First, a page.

Megan Beck is the Chief Product Officer at AIMatters, a digital startup that uses alternative data and AI to reframe how companies are valued in the era of transformational technology such social, mobile, big data, and machine learning. AIMatters uses new datasets to create AI-based products and services to help leaders, organizations, and investors manage and invest more wisely. Megan leads research, publication, curriculum, and new product initiatives for AIMatters. Megan coauthored The Network Imperative: How to Survive and Grow in the Age of Digital Business Models, published by the Harvard Business Review Press in 2016. She has published articles with Forbes, Harvard Business Review, The Wall Street Journal and many others and gives key notes on topics such as business model transformation, the gig economy, artificial intelligence, alternative data, and women in the workforce. Entering the workforce as an engineer, Megan later transitioned to strategy consulting and spent several years at Bain & Company before leaving to advise clients directly in her areas of expertise. A loyal Longhorn, she received a BS in Computer Science and a BA in the Plan II Honors Program at the University of Texas at Austin. She holds an MBA from the McCombs School of Business and resides in Dallas, TX.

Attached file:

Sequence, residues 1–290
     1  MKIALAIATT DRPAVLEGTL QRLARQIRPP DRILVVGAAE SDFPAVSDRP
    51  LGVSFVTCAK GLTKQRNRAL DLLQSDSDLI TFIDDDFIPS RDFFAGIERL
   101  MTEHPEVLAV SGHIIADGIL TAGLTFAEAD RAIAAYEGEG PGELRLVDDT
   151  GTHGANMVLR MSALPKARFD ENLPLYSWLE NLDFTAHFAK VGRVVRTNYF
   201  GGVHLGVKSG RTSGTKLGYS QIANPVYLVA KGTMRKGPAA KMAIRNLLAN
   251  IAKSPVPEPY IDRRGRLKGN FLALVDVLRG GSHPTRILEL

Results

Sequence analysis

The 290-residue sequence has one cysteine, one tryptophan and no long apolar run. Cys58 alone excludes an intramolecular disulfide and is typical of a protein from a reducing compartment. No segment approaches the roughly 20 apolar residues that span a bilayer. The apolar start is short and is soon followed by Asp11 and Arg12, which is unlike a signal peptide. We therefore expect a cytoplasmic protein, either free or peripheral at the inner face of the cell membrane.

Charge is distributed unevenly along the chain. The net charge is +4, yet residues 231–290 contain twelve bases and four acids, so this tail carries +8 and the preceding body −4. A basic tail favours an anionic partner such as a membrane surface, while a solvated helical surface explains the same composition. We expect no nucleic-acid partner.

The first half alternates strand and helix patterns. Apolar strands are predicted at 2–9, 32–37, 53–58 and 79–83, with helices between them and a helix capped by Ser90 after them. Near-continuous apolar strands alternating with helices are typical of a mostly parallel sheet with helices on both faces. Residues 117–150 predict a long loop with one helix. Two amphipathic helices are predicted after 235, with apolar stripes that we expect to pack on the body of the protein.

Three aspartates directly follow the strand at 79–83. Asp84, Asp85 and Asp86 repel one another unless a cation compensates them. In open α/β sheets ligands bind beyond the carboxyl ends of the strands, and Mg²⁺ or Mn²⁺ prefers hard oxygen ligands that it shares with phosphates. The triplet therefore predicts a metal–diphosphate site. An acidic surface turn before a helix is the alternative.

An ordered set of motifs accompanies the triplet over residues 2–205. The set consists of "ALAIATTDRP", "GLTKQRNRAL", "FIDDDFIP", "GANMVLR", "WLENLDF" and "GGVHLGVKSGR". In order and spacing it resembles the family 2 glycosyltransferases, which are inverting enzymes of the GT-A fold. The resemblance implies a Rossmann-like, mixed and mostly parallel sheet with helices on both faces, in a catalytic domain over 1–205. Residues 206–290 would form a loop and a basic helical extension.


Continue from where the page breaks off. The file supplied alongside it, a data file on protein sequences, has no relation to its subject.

Barry Libert